Z-probing changes Z height

I have always had repeatability issues when probing using BL touch (and also with a clone) on my Core XY, to the extent I abandoned ABL and distortion correction.  Some recent changes to what I print made it worthwhile for me to look at it again.

After much frustration, I went back to basics, checked all the mechanics and fasteners, removed the spring-loaded bed, and applied a dial indicator to the Z axis carriage.  After a few small tweaks, eventually I had a Z axis that I was certain was accurate to better than .01 mm in 25 mm, repeated to much better than .01 mm over 100 cycles, had undetectable backlash, and with a home setting repeatability to .01 mm or better.

Despite this, the probe still would not repeat.  Over a series of 30 G30 commands, with 3 probes per G30, at the same machine position, the probe measurement drifted down by 0.116 mm, which gives about .00128 per probe or about .004 per G30.  A dial indicator on the Z carriage confirmed that the carriage had moved up this same amount.  On re-homing the Z axis, the Z carriage position reverted to that before the series of G30 commands.  This seems to say the Z axis position is actually changing, rather than any defect in the probe.

Note:  I'm not saying the probe has no errors.  The variation between any two G30 measurements can be +.005 to -.010, but the average change is -.004.  Suggests the G30 operation itself is accurate to about .007 mm?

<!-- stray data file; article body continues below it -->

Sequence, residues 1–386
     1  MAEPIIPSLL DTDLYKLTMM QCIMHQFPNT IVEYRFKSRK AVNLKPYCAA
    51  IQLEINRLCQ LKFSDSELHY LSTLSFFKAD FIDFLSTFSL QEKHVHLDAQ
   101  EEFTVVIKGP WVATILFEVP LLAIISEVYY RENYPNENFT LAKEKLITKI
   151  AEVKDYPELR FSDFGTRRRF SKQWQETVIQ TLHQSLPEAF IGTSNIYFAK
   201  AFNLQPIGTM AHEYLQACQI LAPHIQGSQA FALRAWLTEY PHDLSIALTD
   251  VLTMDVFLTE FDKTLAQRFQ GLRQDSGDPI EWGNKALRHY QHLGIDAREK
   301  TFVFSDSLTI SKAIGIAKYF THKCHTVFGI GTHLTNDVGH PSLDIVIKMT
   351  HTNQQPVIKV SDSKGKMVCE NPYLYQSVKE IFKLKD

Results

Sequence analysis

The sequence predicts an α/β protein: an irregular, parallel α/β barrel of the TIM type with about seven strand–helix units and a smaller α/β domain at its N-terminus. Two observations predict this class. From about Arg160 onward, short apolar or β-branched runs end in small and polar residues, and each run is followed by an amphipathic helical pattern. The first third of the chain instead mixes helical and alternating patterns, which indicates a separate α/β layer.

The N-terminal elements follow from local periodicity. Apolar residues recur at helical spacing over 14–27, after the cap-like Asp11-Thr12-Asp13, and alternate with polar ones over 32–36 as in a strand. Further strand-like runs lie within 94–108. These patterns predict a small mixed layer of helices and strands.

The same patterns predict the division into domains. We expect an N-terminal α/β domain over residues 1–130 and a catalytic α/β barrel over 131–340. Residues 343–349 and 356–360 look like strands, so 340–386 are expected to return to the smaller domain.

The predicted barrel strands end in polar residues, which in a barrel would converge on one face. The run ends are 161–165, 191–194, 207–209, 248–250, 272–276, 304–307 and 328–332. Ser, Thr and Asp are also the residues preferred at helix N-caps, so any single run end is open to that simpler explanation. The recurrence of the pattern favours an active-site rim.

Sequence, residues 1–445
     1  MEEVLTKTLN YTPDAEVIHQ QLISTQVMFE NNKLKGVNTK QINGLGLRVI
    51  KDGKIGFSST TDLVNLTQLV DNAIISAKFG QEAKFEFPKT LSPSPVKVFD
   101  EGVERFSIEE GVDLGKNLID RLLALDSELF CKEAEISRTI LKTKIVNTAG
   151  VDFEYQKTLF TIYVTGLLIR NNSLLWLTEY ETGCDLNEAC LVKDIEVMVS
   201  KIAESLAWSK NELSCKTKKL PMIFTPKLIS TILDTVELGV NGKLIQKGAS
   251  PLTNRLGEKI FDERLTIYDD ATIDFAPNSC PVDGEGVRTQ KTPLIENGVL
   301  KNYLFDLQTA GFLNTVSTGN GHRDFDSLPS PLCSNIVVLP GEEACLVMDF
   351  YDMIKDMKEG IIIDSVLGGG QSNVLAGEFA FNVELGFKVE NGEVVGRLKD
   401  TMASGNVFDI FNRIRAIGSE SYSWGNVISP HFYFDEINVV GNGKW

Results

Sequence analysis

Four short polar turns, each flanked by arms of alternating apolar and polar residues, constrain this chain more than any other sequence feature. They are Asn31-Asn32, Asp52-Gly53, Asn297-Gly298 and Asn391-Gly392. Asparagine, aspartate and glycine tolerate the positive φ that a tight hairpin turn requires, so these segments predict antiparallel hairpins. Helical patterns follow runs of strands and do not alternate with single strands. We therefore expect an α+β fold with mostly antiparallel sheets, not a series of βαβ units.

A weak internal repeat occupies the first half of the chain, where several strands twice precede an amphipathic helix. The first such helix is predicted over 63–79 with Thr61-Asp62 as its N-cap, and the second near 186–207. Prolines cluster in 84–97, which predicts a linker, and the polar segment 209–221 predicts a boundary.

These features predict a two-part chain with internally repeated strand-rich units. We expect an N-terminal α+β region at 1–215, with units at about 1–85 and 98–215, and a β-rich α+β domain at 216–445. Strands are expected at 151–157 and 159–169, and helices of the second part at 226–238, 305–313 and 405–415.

As a further test, I programmed a series of 50 Z axis move cycles emulating the probing motion (e.g., Z at 10 mm, G0 Z1 F120, then G0 Z10 F600). The Z carriage finished in the same place it started.

I tried several probe speeds and Z axis acceleration values, with no significant differences.

At this point, I realized the Z axis resolution is 798 steps per mm, or about .00125 mm per step, which is very close to the observed Z change at every probe cycle; probably not just a coincidence.  It doesn't feel like a simple rounding artifact, or some timing issue, as that would likely show up as randomness rather than a steady trend.  So I suppose I'm suggesting there is a bug that somehow loses (as in miscalculates) one -Z step every time the probe is triggered.

I'd like your comments, please, and any suggestions about how to deal with the issue, or maybe definite identification of the cause.   As you will realize, it takes 75 probes to map a 5x5 grid for distortion correction, which means the last correction will be in error by about 0.1 mm, even if the probe starts off perfectly calibrated.  This makes the distortion correction unusable.  This, in turn, is making my distorted bed unusable for any print that uses a lot of the bed area.



  • What firmware are you using. We recently found a problem that sounds like that and fixed it in 1.0.4dev. Maybe 2 month ago. So you should retest with that version again and see if it improves.
  •  I guess that would be 

    0.005mm skipped at each probe

    Sorry, I try to see if it's known first, but I missed that one.  I tried the dev version and found that in the middle of the Z carriage that there is now no apparent drift of the Z axis, so good, thank you.  However, after replacing the bed on the carriage and testing the whole bed area I got some strange results that made little sense at first.  I don't think it has anything to do with probing, so maybe it should be a new topic; however I will describe it here.